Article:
I finally made it back to Ronda this year after an absence of twenty-one years. It’s a place that has long-held a curious hold over my travel plans. My first visit had been for a few hours in the summer of 1991 and despite having passed through Andalusia on a dozen or so occasions since, I hadn’t ever returned to the town that boasts probably the most spectacular location in the whole of Spain. I’d threatened to return more than once, even going as far as to book accommodation for an overnight stop, but for various reasons kept failing to make it back. In truth I had some demons to exorcise when it comes to Ronda because that first time, to shoehorn another Beach Boys lyric in, was the worst trip I’ve ever been on.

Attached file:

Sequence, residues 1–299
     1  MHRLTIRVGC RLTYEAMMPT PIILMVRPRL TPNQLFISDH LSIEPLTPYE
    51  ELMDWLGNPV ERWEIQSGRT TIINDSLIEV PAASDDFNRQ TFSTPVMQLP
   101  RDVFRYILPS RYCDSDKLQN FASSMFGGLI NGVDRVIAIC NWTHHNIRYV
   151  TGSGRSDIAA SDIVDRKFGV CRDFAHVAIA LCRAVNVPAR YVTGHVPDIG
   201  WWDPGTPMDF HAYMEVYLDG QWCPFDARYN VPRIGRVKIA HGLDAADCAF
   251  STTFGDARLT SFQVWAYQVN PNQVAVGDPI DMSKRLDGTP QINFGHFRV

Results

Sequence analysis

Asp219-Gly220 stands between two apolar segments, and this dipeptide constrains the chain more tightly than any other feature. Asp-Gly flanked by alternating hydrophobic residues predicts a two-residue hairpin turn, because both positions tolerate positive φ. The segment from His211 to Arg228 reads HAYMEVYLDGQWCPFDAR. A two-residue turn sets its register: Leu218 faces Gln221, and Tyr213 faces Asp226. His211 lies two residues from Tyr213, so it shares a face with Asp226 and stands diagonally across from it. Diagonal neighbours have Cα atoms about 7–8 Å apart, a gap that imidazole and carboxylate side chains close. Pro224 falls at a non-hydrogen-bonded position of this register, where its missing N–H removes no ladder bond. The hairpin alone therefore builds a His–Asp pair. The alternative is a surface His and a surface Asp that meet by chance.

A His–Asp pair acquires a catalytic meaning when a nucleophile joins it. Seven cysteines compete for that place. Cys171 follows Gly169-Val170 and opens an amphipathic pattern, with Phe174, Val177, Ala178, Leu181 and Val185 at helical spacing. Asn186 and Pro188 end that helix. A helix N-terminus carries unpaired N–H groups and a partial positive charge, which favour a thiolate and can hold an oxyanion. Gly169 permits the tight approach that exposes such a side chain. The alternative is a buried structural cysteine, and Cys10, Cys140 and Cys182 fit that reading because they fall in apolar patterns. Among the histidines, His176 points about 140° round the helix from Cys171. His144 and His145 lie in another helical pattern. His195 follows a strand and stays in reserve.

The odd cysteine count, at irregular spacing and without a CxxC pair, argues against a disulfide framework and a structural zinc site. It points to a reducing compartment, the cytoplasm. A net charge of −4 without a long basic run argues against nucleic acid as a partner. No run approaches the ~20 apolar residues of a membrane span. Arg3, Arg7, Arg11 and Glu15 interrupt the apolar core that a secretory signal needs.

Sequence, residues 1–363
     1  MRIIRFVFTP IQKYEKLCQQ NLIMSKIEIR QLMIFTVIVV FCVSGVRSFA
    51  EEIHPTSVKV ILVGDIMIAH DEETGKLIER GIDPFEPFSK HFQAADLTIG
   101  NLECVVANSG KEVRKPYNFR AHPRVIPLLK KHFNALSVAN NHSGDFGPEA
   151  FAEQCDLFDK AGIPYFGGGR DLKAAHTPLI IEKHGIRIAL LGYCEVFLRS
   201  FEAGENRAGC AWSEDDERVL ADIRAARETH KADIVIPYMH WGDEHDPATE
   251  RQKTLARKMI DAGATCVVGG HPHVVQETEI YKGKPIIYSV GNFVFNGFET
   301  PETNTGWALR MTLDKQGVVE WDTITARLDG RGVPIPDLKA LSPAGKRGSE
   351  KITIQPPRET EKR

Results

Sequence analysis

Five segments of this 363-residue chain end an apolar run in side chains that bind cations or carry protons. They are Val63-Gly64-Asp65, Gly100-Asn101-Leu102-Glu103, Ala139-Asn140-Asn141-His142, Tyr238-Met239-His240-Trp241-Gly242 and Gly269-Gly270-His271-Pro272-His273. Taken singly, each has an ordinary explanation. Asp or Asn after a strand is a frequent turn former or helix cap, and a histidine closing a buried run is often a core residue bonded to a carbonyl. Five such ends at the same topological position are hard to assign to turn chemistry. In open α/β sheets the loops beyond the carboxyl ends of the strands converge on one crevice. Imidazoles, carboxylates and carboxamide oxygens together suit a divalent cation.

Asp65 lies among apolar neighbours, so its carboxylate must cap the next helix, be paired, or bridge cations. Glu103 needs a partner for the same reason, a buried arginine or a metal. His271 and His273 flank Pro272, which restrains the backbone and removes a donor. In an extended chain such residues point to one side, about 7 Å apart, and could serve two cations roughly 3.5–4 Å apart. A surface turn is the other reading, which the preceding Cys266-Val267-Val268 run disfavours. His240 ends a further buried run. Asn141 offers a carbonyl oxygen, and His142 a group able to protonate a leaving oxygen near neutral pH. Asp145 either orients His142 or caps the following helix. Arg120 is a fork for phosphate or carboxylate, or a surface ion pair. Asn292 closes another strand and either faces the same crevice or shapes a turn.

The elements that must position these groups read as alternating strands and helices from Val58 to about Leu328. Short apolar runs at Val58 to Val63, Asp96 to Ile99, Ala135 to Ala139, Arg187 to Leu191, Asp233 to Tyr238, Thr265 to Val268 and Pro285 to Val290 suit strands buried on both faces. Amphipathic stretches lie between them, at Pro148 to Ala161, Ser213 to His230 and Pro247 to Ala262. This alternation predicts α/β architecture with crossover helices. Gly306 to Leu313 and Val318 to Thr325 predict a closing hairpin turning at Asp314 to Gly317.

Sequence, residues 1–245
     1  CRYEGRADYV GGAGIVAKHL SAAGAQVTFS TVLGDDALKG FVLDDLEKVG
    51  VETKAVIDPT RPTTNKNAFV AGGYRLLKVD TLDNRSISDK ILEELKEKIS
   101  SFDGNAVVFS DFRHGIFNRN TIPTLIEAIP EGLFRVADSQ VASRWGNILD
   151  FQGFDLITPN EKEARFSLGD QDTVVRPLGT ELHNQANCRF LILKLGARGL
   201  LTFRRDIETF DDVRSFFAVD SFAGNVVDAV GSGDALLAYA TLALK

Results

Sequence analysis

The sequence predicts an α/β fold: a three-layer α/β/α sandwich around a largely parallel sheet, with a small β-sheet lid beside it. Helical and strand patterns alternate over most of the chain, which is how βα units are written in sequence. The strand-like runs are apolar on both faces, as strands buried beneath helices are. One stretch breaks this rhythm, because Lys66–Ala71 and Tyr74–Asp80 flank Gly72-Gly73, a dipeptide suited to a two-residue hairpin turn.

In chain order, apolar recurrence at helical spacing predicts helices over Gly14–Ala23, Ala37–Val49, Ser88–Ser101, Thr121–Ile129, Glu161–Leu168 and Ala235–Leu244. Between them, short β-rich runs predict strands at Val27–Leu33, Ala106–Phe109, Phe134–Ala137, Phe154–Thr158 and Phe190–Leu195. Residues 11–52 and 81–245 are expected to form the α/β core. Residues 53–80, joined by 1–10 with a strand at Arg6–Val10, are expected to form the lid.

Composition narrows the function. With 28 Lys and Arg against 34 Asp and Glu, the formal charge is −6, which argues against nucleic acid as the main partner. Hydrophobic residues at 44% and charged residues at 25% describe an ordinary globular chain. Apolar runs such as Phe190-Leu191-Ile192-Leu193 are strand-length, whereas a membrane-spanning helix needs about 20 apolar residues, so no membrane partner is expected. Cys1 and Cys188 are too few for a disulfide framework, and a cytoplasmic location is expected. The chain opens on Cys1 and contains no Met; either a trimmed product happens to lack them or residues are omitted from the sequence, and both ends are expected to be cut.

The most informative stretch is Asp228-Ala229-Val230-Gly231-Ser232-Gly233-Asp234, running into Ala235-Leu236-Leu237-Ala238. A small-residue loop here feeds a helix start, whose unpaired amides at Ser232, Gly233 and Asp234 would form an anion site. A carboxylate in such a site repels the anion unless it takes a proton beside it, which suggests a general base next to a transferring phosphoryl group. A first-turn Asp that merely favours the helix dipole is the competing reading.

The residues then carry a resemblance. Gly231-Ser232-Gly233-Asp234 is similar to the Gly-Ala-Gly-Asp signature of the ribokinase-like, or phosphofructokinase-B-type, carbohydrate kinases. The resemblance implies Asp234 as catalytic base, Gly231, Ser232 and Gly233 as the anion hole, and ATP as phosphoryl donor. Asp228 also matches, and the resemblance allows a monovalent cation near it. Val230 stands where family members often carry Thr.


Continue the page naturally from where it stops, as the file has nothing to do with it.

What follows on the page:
The scenario was this; family of four, crammed into a beat-up SEAT Marbella without air conditioning as temperatures approached the high 90s and a father behind the wheel who got sweaty palms at the thought of driving further than 200 metres attempting to traverse one of western Europe’s most nerve-jangling mountain drives. In my youthful innocence I knew nothing about the potential hazards that lay ahead. Yeah, I knew we were heading up into the hills, but I’d holidayed in Wales before, the odd steep incline was nothing new to me. It didn’t take long to realise this wasn’t a stroll across the Cymoedd De Cymru as each torturous curve in the road was met with cries from my father of “Bloody hell” and “Shit! Shit!” every two minutes, along with some xenophobic comments that don’t need repeating here. It’s easy to forget now with the Spanish road system having been completely overhauled in the last decade or so, but in the days before European governments racked up unsustainable levels of debt on public services, driving in Spain often felt like taking your life in your own hands. Uneven surfaces, sheer cliff drops with no protective barriers and suicidal local drivers who wanted to overtake whenever a blind bend arose. There was one moment when my father misjudged a corner and strayed across the middle white line, only huge good fortune that the other side of the road was free of traffic prevented a collision. It wasn’t easy watching your old man, a person who up to that point you had respected and believed knew no fear, reduced to a quivering wreck. So I didn’t watch. I buried my head under a cap and listened to Isn’t Anything by My Bloody Valentine on a walkman. I figured that if was to spend my last moments on earth hurtling over an Andalusian cliff the intense, trance-like guitar of Kevin Shields would be a fitting soundtrack. This unfortunate scenario was thankfully avoided, but the few hours we spent in Ronda were spent in silent contemplation by each one of us as we all knew that we had to go back down that same road, only this time on the exterior side. It ruined what should have been a memorable visit. Everything about Ronda suggested it was a place of unique beauty and there wasn’t a Linekers bar or English breakfast menu in sight which was quite a shock after spending the first week of the holiday tied to the resorts of the Costa del Sol. I could grow to like this place I thought, but not enough to want to make that car journey ever again. The drive down was as perilous as that we had made up. On more than one occasion I feared I would be kissing this cruel world goodbye, but we all lived to see another day, safely returned to the comforting sight of high-rise coastal apartments, fast food outlets and pubs selling John Smiths. How lucky we were. In the immediate aftermath of this notorious day trip Ronda became the unutterable word in my parental home. Its mere mention brought cold shudders from all who had been involved. We developed thousand yard stares if others spoke of the sheer beauty and general loveliness of Ronda, scarred by flashbacks of what took place that day on the A-397.